All Writings
April 11, 2000

A New Status for Syria

When President Clinton meets with President Hafez Assad in Geneva mid-January, he should use the occasion to announce the removal of Syria from the State Department's list of countries that sponsor terrorism.

Why? Because the State Department hasn't provided any evidence, at least since 1989, that the Syrian regime has played a direct or indirect role in any terrorist activity.

This change of policy should not be construed as a reward for Assad or an appeasement for Syria; it should only reflect the changing role that Syria has and must now continue to play in the pursuit of a comprehensive Arab-Israeli peace.

This will be the first time the two presidents meet. The Israeli and Syrian delegates will also meet in Washington in February to resume their talks, which Syria suspended in early September in the wake of the Israel-PLO agreement.

Were Clinton to make an announcement at this particular time, it would have a tremendously positive effect on the peace process, which needs a dramatic boost to restore public confidence and help produce important Israeli and Syrian concessions.

There is a paradox: The US is trying to woo Syria into supporting the Israel-PLO agreement and advancing its peace negotiations with Israel, but at the same time, it has been treating the Syrian government like a pariah. It no longer makes any political sense to maintain this demeaning status, expecting Syria to behave as if there were no connection between its international standing and the peace negotiations.

True, Syria offers refuge to many extremist terrorist organizations that oppose the Israel-PLO agreement. The question, however, isn't whether these groups exist in Syria, but whether the government of Syria is engaged in state terrorism.

It has been argued that Assad could, at will, expel these groups to other countries like Iraq, Libya and the Sudan. But wouldn't the US prefer that they remain in Syria on a very short leash rather than operate freely from different countries with which the US has virtually no relations?

Israeli officials insist it would be premature to remove Syria's name from the list of countries sponsoring terrorism as long as Assad refuses to endorse the Israeli-PLO agreement. Assad's refusal, they argue, encourages the opposition of these terrorist groups.

But Assad justly feels deceived by PLO Chairman Yasser Arafat, who deliberately lied about his secret negotiations with Israel when the two met in Damascus in April with other Arab foreign ministers to "coordinate" their negotiating strategy with Israel. Since the signing of the Israel-PLO agreement, Assad could have "unleashed" these terrorist groups to torpedo it, but he hasn't.

Assad certainly understands that these factions constitute a political liability. But this must be weighed against his overall strategy in the peace process and his standing as leader of Syria's diverse constituencies, including 400,000 Palestinians, and often contradictory interests.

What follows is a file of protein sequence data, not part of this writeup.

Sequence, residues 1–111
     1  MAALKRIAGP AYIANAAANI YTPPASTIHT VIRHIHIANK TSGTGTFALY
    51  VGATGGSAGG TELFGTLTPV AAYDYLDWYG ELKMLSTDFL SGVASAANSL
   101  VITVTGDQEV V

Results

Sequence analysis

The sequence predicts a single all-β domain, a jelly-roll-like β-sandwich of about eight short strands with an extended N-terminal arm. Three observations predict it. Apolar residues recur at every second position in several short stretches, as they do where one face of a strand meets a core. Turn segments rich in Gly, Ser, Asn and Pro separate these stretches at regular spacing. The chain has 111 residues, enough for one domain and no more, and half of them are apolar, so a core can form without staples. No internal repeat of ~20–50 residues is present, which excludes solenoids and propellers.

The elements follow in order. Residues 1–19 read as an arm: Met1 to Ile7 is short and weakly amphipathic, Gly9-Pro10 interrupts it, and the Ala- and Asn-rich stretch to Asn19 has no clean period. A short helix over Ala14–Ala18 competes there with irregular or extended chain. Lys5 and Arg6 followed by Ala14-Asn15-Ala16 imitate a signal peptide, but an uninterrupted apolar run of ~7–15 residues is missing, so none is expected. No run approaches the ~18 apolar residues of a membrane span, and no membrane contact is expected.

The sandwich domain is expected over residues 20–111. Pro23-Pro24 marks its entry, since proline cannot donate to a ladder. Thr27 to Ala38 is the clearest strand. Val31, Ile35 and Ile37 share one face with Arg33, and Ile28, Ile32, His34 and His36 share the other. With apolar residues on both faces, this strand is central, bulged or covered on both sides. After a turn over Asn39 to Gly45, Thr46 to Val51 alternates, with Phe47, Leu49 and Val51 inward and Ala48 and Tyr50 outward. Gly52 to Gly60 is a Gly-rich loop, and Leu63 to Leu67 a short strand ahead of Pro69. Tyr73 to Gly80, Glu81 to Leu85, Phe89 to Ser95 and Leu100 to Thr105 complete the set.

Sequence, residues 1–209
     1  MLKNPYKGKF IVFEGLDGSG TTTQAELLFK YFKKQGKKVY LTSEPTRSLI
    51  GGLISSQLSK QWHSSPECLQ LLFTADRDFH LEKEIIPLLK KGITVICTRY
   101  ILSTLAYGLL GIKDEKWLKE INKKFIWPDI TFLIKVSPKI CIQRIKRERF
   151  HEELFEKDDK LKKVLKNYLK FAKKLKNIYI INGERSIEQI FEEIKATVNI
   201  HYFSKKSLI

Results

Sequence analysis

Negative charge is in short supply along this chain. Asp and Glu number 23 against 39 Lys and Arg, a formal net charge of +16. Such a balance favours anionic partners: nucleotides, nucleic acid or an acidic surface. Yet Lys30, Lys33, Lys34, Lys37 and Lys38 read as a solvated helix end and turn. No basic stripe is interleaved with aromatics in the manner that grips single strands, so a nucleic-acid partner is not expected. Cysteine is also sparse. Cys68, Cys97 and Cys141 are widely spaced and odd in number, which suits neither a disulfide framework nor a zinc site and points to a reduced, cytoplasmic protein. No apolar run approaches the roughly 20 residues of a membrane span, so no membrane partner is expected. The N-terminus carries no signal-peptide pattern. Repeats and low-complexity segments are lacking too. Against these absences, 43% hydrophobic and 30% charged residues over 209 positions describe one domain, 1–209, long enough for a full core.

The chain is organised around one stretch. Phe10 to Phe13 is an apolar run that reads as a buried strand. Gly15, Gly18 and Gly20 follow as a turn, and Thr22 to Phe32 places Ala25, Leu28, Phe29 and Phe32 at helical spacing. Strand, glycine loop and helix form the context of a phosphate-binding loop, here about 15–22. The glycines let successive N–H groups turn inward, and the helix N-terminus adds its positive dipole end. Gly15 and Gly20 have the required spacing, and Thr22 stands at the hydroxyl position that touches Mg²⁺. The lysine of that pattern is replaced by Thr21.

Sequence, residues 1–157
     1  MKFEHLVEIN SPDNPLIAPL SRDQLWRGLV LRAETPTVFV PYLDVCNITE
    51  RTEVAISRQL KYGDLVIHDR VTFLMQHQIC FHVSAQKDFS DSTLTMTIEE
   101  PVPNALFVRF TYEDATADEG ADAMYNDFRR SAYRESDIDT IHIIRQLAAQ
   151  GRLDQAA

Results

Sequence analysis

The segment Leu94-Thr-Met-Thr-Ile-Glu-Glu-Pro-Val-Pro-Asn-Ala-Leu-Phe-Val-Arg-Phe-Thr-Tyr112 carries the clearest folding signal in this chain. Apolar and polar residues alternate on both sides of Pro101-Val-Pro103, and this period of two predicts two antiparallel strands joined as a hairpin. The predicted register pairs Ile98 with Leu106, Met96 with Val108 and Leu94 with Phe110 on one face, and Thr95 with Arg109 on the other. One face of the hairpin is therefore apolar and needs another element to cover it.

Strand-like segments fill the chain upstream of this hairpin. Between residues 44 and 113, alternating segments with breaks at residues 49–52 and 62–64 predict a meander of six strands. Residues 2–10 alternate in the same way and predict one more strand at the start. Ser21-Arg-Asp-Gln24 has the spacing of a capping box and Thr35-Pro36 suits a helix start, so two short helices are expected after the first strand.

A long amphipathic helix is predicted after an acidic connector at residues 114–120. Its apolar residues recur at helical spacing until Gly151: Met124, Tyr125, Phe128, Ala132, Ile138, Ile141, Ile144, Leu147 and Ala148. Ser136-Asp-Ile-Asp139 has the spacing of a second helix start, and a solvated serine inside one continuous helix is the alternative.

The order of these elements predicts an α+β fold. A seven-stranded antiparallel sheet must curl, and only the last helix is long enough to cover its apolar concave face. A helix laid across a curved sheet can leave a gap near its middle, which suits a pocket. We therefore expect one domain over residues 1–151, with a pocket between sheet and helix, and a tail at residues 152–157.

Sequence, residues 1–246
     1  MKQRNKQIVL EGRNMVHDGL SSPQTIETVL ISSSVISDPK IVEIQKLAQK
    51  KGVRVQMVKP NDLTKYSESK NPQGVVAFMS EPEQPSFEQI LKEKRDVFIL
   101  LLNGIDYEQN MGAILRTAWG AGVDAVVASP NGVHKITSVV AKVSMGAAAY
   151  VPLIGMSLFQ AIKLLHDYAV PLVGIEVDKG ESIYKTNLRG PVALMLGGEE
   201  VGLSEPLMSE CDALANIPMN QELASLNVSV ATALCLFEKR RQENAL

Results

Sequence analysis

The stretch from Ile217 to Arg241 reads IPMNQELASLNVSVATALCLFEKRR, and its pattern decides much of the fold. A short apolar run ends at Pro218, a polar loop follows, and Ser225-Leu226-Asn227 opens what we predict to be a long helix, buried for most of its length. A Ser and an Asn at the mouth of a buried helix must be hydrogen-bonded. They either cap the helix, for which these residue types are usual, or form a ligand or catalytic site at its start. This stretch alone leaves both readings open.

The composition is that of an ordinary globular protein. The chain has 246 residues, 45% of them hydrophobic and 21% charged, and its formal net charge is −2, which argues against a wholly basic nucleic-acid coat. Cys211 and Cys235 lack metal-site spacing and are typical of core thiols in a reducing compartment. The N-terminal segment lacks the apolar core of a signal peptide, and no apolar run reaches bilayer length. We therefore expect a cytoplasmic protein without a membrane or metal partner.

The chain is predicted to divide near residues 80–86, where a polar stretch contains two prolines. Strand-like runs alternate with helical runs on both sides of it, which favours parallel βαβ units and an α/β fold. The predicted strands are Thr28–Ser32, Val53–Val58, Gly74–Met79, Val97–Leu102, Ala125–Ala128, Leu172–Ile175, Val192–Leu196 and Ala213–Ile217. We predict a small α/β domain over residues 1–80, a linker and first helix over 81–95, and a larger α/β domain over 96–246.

It is this position that would give Assad the leverage to pressure or persuade these groups to change course once they become a real hindrance to his concept of a comprehensive peace.

Continuing to list Syria as a state that sponsors terrorism lost what was left of its political luster once the US recognized the PLO.

The irony is that many of the extremist factions which have found harbor in Syria, including the Popular Front for the Liberation of Palestine and the PFLP-General Command, belong to the PLO umbrella organization and have permanent representation at the Palestine National Council.

Syria is still best equipped and most adept politically to contain the movements of these groups. And having given them sanctuary, Syria must assume responsibility for their future behavior. It would be in Syria's best interests to live up to American expectations in this respect once it has normalized its relations with the US.

For Syria's sagging economy, removal from the list of countries sponsoring terrorism means more than international political rehabilitation.

It would translate into Syrian eligibility for American investments, loans and loan guarantees at lower interest rates, and allow for the transfer of advanced technologies and direct American aid. It would also encourage the European community to have direct and open financial dealings with Syria, which could mean an infusion of hundreds of millions of dollars into the Syrian economy.

Syrian Foreign Minister Farouk Shara said Syria views peace with Israel as a strategic asset; this significant shift of attitude warrants consideration.

This would be the time for President Clinton to remove the sensitive issue of the listing from the equation, thereby infusing new vitality into the Israeli-Syrian peace talks.

In return, Assad would be expected to show not only more flexibility in his bilateral negotiations with Israel, but to declare open support for the Israel-PLO agreement. Such a gesture would go a long way toward a comprehensive peace.